Chorus is calling on the Government to resolve the pricing of broadband over copper wires as fast as possible.
The telephone lines company has repeatedly argued the price should not be much cheaper than the new ultra-fast broadband network because, it argues, that would discourage take-up of the UFB services.
The Government has contracted Chorus to build 70% of the UFB network. It has brought forward a review of the Telecommunications Act and plans to override the Commerce Commission's lower proposed charges.
This has been met with outrage from businesses, community groups and some politicians, from which a coalition opposing Government intervention has been formed.
Chorus chair Sue Sheldon told the annual shareholders' meeting the regulatory framework the Commerce Commission is operating under is out of date.
Ms Sheldon said the pricing and regulatory uncertainty is discouraging investment in Chorus and in New Zealand infrastructure generally.
She said New Zealand is a small country with limited amounts of capital and Chorus has been told that some are now thinking more broadly about the risk of investing in any infrastructure in New Zealand.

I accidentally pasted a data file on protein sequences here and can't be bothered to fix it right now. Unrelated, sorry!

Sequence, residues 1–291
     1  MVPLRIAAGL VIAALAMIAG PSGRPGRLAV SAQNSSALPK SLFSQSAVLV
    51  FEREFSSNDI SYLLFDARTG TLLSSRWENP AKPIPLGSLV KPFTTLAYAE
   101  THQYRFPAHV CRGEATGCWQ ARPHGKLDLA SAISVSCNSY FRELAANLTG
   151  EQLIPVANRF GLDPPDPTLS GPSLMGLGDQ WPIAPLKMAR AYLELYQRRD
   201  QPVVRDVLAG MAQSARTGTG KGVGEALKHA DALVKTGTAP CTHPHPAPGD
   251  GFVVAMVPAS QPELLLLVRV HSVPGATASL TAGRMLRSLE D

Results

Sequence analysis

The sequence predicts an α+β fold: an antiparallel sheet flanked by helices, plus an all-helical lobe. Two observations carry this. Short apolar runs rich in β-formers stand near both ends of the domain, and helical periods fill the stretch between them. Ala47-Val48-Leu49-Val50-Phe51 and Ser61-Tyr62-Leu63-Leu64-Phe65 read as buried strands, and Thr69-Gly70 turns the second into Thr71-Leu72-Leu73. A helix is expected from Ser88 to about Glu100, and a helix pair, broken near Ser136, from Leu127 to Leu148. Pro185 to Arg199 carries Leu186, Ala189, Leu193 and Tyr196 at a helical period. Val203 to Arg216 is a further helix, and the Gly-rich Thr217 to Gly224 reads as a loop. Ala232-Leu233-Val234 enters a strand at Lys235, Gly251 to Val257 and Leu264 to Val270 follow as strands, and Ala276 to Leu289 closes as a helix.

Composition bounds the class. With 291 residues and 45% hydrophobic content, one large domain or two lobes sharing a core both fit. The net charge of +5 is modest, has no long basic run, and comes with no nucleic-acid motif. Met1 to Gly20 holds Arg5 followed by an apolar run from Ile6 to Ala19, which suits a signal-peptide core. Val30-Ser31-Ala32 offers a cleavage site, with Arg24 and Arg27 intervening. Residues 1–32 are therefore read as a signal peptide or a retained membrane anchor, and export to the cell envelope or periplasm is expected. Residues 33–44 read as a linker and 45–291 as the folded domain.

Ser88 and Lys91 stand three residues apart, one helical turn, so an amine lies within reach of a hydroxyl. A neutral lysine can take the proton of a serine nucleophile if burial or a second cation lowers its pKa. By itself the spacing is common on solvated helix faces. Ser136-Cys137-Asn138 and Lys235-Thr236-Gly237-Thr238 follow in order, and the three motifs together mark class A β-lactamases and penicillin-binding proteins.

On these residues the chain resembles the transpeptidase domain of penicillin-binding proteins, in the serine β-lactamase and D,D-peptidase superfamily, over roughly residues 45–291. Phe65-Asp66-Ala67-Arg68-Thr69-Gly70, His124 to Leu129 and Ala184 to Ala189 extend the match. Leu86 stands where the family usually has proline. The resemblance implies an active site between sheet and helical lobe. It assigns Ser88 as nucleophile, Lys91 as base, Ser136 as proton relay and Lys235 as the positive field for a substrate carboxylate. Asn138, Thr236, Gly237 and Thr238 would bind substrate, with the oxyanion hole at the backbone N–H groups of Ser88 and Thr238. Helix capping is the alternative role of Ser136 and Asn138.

Ms Sheldon said to attract investment it is essential to be able to offer a reasonable prospect on a reasonable return, particularly with large scale infrastructure investments with long pay-back periods.
"Investors now attach a regulatory risk premium to Chorus and this has implications for our cost of capital, we do not have the luxury of being able to have bad regulation that undermines investment and leaves our country hamstrung."
Ms Sheldon said the application of the regulatory framework to date has left investors saying that it is essentially not possible to invest in New Zealand's telecommunications industry.